Today we report the development and initial applications of RoseTTAFold, a software tool that uses deep learning to quickly and accurately predict protein structures based on limited information. Without the aid of such software, it can take years of laboratory work to determine the structure of just one protein. With RoseTTAFold, a protein structure can be computed in as little as ten minutes on a single gaming computer. This work was led by Baker lab postdoctoral scholar Minkyung Baek, Ph.D.
RoseTTAFold is a “three-track” neural network, meaning it simultaneously considers patterns in protein sequences, how a protein’s amino acids interact with one another, and a protein’s possible three-dimensional structure. In this architecture, one-, two-, and three-dimensional information flows back and forth, allowing the network to collectively reason about the relationship between a protein’s chemical parts and its folded structure.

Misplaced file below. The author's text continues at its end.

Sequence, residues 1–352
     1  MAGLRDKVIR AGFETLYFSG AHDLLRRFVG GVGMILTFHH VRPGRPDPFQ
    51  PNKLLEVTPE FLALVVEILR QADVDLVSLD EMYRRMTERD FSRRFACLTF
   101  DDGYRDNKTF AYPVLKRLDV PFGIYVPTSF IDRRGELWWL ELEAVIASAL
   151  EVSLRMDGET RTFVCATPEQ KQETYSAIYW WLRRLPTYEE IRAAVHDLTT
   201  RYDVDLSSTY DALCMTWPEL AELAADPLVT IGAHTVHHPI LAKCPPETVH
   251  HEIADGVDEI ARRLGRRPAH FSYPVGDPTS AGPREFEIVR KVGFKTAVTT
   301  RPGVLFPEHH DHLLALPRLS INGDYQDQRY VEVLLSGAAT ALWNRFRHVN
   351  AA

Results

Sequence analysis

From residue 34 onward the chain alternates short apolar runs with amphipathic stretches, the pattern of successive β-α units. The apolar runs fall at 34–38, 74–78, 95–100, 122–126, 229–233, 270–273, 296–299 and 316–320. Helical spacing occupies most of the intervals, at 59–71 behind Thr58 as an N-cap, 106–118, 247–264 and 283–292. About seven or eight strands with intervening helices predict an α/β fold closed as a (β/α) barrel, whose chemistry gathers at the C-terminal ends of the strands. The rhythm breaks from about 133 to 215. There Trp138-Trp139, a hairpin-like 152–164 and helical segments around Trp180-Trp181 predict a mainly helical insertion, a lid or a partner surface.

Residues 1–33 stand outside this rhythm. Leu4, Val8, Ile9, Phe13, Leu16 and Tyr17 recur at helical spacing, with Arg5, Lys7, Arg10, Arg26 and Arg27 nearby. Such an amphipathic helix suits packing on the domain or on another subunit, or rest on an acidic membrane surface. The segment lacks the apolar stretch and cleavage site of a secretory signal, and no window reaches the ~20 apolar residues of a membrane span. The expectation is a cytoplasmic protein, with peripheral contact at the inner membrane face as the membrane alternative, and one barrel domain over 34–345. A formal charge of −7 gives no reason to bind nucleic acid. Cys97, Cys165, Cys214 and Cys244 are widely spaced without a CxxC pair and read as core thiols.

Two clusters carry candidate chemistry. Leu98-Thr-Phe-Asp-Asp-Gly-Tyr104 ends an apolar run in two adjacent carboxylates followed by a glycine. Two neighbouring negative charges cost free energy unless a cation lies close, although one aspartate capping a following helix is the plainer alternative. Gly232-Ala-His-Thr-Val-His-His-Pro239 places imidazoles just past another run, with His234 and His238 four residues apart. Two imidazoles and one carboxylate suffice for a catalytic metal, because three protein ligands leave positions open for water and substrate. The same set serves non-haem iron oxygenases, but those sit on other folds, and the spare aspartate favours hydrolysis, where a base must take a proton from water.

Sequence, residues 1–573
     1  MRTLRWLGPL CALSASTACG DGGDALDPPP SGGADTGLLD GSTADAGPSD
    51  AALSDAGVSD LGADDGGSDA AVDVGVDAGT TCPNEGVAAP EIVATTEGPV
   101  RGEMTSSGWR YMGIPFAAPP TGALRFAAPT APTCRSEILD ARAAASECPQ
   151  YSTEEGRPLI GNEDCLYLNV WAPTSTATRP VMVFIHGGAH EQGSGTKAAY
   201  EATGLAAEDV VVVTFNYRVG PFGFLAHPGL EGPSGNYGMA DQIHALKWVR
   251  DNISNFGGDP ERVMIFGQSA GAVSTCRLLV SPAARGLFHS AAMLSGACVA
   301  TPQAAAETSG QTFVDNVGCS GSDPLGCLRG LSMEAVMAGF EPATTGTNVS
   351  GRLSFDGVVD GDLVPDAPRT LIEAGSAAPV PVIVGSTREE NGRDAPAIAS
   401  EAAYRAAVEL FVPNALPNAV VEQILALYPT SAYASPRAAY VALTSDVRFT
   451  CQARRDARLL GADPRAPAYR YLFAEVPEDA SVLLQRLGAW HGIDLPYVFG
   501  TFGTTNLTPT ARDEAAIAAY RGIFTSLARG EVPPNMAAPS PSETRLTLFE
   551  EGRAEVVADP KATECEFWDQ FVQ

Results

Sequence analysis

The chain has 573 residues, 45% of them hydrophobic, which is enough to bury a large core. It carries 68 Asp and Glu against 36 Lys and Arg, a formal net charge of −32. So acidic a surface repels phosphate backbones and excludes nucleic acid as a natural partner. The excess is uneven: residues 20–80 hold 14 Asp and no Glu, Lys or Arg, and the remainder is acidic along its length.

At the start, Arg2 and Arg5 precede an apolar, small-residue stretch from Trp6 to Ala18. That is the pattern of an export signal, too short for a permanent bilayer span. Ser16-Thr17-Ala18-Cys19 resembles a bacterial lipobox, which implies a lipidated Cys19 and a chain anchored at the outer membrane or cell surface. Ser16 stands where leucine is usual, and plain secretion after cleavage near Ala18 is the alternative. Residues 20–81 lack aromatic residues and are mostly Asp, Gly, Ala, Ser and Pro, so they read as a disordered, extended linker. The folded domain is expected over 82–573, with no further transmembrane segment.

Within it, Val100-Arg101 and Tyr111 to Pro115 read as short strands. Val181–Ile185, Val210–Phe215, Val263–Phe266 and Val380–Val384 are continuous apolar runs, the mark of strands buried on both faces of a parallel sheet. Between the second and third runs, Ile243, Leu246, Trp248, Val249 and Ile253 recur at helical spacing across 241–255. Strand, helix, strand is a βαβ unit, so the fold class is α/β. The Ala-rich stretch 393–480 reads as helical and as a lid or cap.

As reported in Science, our team used RoseTTAFold to compute hundreds of new protein structures, including many poorly understood proteins from the human genome. We also generated structures directly relevant to human health, including for proteins associated with problematic lipid metabolism, inflammation disorders, and cancer cell growth. And we show that RoseTTAFold can be used to build models of complex biological assemblies in a fraction of the time previously required.
“In just the last month, over 4,500 proteins have been submitted to our new web server, and we have made the RoseTTAFold code available through the GitHub website. We hope this new tool will continue to benefit the entire research community”.
This work was supported in part by Microsoft, Open Philanthropy Project, Schmidt Futures, Washington Research Foundation, National Science Foundation, Wellcome Trust, and the National Institute of Health. A full list of supporters is available in the manuscript.